Buy Local and Social

When you’re looking to make a difference, there are a variety of ways you can use your power, your dollar, and your voice. At the moment, our society is driven by consumerism.  An excellent way to benefit your own budget, contribute to healthier environment, and get your shopping done is to support the local economy and social enterprise.  We’re approaching a huge shopping time of the year, this holiday season, while we critically examine our consumer habits, let this season be the year that you shop local and social.   As proud members of Social Enterprise Canada we’re pleased to encourage local action for big results by urging our community to #BuyItFwd

Fashion is cyclical, which means trends become back.  At My Sister’s Closet, you get a curated experience with access to thrift, new, up-cycled and artisan-made clothing, footwear, accessories, jewellery and curios for women and men.  My Sister’s Closet is located at 1092 Seymour Street, in the Yaletown District of Vancouver, Coast Salish Territories.

Buying from My Sister’s Closet, social enterprise of Battered Women’s Support Services deepens the gifting experience. Your purchase makes it possible for us:

  • to provide counselling and support groups for women healing from violence
  • to deliver dating violence prevention workshops for high school students across Metro Vancouver
  • to operate a crisis line, often the first point of contact for women experience violence by a partner



Do fashionistas have to give up their passion for following current trends to protect the environment?

The Fashion Industry is Implicated

Manufacturing a piece of clothing has a tremendous impact on the environment—for example, beyond the carbon emissions caused by energy consumption, the typical pair of jeans eats up 1,664 gallons of water in its lifetime. Regardless of this ecological toll, the average Canadian still throws 70 pounds of clothing and textiles into the trash every year.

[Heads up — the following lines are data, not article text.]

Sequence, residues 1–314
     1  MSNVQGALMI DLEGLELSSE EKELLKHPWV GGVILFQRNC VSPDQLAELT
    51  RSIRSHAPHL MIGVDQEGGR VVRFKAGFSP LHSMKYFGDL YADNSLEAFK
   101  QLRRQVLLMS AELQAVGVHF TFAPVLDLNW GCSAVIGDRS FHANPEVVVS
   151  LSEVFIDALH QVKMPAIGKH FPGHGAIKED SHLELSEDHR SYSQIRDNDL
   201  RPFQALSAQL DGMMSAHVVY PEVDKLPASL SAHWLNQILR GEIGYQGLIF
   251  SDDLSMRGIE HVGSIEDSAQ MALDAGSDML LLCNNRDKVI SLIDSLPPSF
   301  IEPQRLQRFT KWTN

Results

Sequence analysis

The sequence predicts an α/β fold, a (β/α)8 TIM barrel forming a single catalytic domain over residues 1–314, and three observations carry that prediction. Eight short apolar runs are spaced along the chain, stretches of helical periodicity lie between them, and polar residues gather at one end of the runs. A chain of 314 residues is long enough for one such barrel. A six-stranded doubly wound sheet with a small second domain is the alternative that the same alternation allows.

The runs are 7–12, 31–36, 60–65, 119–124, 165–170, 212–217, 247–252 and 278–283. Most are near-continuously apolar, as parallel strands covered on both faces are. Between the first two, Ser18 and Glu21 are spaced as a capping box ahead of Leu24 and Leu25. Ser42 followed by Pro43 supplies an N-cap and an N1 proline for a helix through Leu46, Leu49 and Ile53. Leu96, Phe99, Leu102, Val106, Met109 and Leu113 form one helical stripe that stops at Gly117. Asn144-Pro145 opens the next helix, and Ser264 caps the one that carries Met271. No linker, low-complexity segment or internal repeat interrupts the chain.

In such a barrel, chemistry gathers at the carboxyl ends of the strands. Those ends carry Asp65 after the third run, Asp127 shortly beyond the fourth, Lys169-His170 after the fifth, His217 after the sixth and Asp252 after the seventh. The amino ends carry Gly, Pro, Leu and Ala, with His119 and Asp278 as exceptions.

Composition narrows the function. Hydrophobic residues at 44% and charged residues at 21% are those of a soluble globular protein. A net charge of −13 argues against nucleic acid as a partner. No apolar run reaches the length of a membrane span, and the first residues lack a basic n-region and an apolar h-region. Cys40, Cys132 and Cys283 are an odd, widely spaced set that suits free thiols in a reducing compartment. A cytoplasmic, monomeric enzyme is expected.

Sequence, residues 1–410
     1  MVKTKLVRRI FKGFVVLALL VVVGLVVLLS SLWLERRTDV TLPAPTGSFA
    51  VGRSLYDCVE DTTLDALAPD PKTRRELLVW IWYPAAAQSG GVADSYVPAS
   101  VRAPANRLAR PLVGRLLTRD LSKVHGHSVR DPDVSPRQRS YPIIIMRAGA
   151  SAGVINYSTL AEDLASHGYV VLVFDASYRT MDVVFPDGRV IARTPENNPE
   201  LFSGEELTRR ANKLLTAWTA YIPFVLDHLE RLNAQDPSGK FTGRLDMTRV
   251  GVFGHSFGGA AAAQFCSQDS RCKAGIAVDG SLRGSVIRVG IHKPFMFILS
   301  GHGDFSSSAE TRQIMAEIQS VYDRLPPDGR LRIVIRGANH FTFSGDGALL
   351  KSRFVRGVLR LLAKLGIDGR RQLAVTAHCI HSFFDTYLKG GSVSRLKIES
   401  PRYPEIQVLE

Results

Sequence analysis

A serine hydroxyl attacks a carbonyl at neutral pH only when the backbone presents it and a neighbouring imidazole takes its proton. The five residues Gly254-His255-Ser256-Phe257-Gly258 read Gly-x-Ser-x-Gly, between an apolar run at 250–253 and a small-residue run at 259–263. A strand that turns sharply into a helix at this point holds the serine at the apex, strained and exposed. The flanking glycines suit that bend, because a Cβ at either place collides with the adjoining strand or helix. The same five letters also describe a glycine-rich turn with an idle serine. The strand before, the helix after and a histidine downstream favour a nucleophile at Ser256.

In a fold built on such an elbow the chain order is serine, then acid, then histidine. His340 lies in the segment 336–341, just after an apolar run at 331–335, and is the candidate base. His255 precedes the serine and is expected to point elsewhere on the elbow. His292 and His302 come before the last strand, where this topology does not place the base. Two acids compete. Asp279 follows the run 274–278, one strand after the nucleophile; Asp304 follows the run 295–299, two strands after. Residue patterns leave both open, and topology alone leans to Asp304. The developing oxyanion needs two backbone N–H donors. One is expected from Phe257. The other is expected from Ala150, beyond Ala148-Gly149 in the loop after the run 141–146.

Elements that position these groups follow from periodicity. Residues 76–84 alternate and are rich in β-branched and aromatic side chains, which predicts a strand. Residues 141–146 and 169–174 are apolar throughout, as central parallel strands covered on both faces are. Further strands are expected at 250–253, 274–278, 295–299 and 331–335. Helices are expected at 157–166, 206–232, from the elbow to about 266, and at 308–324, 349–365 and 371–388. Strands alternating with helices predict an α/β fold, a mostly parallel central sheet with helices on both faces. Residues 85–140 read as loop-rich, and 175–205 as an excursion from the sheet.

The facts and figures are in and including the relevant segments of agriculture and manufacturing, 1 in 6 humans on Earth are somehow involved in the global fashion industry. In the mid-1960s, 95 percent of Canadian’s clothes were made domestically; today, 97 percent are made abroad. Eighty million pieces of clothing are sold annually. And an especially disconcerting one: Fashion—a $2.5 trillion sector—is the second most polluting industry on Earth, right behind oil.

Globalization and Exploitation

We’re disconnected from the people who make our clothing as 97% of items are now made overseas. There are roughly 40 million garment workers in the world today; many of whom do not share the same rights or protections that many people in the West do. They are some of the lowest paid workers in the world and roughly 85% of all garment workers are women. The human factor of the garment industry is too big to ignore; as we consistently see the exploitation of cheap labor and the violation of workers’, women’s, and human rights through globalization and as direct result of unchecked consumerism.

Buying local is a way to resist globalization

The Good News

On average, each Canadian grants a second life to 76 products each year across 22 product categories, through buying, selling, trading and donating via peer-to-peer channels such as classifieds, donations, local thrift shops, and more. The average family of four in Canada apparently saves approximately $1,150 per year by buying second-hand goods.

When you #BuyItFwd you’re helping the environment,  you’re simulating the local economy, and you’re helping end violence against women.  My Sister’s Closet 1092 Seymour Street, Yaletown District, Vancouver, Coast Salish Territory

Here’s Nine Reasons to Buy Thrift